The roughly 2,000-year-old artwork, which resides at the Museum für Kunst und Gewerbein
in Hamburg, shows a bare-chested woman in a loincloth brandishing a scythe-like object in her left hand.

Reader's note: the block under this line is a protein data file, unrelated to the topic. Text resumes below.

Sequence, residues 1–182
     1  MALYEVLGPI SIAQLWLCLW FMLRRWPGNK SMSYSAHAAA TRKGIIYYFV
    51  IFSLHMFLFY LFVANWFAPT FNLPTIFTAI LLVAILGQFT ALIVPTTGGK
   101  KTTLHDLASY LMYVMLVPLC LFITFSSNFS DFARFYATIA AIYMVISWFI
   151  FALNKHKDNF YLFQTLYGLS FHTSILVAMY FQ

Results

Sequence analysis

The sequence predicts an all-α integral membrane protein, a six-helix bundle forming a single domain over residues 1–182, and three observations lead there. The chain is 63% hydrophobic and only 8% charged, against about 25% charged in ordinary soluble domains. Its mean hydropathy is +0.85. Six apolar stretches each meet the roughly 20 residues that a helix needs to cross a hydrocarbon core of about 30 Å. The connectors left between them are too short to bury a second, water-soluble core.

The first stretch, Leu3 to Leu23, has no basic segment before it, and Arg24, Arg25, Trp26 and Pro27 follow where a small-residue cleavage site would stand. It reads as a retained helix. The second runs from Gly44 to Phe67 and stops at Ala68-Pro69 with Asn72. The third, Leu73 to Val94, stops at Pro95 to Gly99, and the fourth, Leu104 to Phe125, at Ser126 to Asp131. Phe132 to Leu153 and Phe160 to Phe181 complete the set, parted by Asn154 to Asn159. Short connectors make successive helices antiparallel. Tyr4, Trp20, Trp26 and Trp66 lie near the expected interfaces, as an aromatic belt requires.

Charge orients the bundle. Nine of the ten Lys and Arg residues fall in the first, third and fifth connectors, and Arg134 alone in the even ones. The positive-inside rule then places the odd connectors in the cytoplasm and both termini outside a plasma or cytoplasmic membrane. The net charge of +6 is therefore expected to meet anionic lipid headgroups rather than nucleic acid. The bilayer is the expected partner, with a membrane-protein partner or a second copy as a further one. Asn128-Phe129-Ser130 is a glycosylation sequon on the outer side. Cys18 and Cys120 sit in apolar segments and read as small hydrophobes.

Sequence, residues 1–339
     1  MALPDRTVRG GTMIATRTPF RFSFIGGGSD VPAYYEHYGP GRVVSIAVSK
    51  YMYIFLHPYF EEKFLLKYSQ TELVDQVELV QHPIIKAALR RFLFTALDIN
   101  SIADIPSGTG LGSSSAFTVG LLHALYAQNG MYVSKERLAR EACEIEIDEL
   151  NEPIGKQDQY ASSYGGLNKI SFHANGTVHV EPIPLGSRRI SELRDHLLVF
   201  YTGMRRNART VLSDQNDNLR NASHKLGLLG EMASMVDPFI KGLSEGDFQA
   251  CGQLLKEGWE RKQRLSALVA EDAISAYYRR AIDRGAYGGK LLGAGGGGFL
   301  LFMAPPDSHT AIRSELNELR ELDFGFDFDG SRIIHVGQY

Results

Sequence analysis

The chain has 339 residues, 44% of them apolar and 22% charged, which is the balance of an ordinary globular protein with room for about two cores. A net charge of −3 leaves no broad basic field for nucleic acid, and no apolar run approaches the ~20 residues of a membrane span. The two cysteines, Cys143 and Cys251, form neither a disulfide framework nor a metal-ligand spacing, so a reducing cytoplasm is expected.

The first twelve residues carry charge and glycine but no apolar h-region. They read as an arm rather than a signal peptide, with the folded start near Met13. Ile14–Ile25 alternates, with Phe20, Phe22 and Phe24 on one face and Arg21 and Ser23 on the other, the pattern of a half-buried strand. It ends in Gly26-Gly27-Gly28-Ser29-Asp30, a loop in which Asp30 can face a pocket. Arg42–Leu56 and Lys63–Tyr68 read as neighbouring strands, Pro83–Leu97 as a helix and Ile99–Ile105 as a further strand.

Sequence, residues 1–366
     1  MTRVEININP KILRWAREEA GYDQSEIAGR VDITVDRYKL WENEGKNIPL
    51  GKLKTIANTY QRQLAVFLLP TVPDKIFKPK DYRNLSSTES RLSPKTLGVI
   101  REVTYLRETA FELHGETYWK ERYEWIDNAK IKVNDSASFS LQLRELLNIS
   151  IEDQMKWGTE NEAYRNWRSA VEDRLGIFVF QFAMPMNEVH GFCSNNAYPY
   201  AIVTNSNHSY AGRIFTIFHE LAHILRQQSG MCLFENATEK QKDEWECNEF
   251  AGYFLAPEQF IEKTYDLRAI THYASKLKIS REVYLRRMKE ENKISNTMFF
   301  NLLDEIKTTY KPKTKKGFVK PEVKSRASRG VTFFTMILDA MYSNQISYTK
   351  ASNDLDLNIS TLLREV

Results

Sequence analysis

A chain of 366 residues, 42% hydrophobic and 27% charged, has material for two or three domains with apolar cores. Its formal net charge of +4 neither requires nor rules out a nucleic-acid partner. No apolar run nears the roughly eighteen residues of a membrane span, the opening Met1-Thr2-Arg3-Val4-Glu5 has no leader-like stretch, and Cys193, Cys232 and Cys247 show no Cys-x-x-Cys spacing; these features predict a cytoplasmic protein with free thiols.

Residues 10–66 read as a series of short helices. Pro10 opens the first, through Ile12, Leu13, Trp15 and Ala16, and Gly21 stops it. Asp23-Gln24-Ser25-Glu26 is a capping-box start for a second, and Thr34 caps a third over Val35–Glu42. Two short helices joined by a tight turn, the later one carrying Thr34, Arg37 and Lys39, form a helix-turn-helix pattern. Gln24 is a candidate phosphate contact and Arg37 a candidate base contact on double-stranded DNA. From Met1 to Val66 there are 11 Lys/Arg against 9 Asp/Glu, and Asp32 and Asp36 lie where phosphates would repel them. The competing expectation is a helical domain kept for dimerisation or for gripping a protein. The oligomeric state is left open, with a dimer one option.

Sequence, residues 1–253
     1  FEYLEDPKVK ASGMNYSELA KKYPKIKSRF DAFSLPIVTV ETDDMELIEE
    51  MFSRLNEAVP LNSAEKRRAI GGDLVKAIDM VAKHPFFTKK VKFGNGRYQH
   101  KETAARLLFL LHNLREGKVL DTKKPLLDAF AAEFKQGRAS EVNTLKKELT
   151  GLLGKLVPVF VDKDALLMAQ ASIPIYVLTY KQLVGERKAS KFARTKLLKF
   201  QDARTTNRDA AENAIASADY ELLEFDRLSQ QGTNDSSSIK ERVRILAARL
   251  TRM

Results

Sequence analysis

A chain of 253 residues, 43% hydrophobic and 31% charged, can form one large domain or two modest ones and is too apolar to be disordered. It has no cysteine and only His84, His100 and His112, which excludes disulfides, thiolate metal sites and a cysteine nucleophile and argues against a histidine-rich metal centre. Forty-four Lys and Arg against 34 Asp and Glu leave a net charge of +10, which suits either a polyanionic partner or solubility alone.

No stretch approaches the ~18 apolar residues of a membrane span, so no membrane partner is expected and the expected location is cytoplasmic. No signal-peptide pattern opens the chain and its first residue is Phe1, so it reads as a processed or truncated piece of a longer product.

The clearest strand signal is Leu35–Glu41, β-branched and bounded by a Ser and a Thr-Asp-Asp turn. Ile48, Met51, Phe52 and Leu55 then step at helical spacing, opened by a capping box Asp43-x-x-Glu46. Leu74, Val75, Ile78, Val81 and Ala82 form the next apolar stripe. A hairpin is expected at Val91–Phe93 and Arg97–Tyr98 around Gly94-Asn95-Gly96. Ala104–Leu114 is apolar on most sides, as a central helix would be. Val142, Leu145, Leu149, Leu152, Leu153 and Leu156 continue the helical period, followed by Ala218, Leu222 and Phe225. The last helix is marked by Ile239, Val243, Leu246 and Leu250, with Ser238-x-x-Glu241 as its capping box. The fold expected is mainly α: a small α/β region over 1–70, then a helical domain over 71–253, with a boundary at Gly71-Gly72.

Manas believes the woman is holding a sica, a short, curved sword associated with a type of gladiator known as a thraex, or Thracian. Thraexes typically fought in plumed helmets, with small shields and metal leg guards called greaves. Their unarmored backs were particularly vulnerable—and were likely ripe targets for sica.